The body representing employers and employees suggested - in a confidential letter and discussion paper to the government - participants should be given access to part of their allowance on a yearly basis, rather than only when they intend to use the saved assets.
The levensloop currently allows workers to save 12% of their salary on a tax-efficient basis to help cover the cost of intermediate leave, such as study, parental and care leave.
Although the product was originally designed to discourage early retirement, its terms currently allow the balance to be used for this purpose.
But introduced in 2006, the uptake of the levensloop has been low as just 7% of workers participate in the levensloop. Instead, over 40% take part in the tax-free savings scheme known as "spaarloon", which entitles to save €613 a year untaxed.
Workers cannot participate in the levensloop or the spaarloon at the same time. However, the employers' organisation VNO-NCW said it wants this barrier to be abolished.
"We want to see a widening of the options for spending the balances, but within the limits of the available government funds," a spokesman pointed out. "We support a mixed package, which allows people to spend savings on taking leave from work and other situations."
Star advises the government, in its discussion paper, to change levensloop into a fiscal scheme for loss of income while at the same time, in Star's opinion, the government should extend the yearly tax allowance of €188 for leave taken to be available every year.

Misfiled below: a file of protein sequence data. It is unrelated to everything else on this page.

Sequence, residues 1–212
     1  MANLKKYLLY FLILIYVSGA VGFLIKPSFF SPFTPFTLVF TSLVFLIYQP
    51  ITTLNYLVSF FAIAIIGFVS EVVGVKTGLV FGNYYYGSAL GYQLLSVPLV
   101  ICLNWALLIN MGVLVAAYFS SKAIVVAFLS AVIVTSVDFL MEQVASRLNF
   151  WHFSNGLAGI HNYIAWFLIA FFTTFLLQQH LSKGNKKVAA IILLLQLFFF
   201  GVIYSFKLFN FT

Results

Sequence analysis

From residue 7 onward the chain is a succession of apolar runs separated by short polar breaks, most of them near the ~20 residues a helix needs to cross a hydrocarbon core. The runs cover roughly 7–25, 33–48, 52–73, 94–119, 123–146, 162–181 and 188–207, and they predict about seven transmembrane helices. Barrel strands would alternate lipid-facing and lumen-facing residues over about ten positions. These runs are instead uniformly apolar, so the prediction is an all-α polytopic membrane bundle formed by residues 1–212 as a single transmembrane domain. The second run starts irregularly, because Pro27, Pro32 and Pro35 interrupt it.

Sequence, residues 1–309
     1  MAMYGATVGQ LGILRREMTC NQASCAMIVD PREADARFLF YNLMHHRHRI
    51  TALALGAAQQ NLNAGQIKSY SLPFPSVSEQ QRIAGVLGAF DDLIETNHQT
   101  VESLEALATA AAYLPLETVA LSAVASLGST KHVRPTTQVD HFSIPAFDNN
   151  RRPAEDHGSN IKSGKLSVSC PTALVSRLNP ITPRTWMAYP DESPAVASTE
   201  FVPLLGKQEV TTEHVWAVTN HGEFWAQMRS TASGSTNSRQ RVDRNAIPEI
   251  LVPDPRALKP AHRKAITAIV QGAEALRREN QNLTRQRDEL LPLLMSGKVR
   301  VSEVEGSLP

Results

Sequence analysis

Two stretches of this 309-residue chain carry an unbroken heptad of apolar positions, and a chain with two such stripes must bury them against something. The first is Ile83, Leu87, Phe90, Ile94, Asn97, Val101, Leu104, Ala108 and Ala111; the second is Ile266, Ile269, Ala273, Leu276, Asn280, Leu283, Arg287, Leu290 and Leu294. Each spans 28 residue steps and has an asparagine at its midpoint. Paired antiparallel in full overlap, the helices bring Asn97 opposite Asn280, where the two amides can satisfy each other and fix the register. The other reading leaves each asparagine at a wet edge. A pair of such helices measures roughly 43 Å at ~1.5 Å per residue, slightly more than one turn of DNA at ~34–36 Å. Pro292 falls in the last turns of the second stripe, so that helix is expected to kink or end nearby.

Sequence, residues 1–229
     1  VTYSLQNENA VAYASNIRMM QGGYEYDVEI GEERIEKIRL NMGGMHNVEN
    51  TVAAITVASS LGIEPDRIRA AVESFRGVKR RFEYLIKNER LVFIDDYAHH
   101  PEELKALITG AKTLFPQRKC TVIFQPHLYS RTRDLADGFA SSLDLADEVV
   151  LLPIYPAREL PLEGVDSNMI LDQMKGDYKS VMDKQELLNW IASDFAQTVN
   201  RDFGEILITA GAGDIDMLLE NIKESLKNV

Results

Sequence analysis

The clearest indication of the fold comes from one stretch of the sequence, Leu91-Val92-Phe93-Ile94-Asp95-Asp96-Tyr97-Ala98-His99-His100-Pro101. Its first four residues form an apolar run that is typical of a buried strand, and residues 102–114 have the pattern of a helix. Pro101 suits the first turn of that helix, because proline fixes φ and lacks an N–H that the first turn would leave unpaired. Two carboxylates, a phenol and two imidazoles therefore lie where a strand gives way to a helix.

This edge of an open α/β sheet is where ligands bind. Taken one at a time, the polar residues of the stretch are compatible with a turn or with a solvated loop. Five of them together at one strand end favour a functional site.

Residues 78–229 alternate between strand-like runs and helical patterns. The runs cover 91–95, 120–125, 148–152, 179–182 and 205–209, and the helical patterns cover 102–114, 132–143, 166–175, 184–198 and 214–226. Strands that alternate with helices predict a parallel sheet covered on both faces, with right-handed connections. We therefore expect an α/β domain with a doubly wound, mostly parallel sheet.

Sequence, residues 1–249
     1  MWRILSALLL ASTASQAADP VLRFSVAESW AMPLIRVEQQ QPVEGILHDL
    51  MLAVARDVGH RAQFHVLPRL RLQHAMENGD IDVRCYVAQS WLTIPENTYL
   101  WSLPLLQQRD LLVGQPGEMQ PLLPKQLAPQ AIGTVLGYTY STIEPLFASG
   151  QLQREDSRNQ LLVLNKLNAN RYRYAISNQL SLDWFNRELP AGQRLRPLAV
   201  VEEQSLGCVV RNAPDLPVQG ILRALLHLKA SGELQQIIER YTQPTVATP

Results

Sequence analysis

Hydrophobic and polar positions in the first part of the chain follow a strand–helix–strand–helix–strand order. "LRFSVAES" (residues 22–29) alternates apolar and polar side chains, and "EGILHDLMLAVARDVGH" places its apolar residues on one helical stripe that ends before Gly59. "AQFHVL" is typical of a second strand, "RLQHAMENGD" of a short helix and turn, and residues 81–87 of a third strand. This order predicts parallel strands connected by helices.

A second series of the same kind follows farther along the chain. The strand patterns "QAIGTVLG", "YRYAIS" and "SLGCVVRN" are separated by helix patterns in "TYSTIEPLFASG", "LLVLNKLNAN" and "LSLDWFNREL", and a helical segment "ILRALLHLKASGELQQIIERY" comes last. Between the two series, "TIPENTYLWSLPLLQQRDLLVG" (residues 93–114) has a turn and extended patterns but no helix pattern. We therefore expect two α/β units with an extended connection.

The large union FNV said it would prefer the levensloop and spaarloon to be merged into one scheme, in which the spaarloon balance could subsequently be used for levensloop purposes, according to its pension negotiator Chris Driessen.
"We think keeping both schemes and allowing for a double benefit will be too expensive, and therefore is not a realistic option," Driessen told IPE.
The agricultural employers' organisation LTO also wants the levensloop as be made accessible to sole traders, according to its spokesman Gerard van der Griend.
However, with Star, MKB Nederland, the organisation for small and medium-sized businesses, is opposed to extending the use of the levensloop, although MKB has been opposed to the levensloop since its inception.
"We are against new kinds of leave, because we already have serious problems in attracting sufficiently qualified staff," explained its spokesman Mario van Mierlo explained.
Almost two years ago, a group of six experts - including Lans Bovenberg, one of the levensloop's designers - advocated the scheme being merged and changed into a fiscal scheme for loss of income.
The six argued in order to increase the popularity of the new levensloop, the tax discount on the eventual use of the levensloop balance and on the spaarloon balance, should be replaced by a government contribution into the levensloop.
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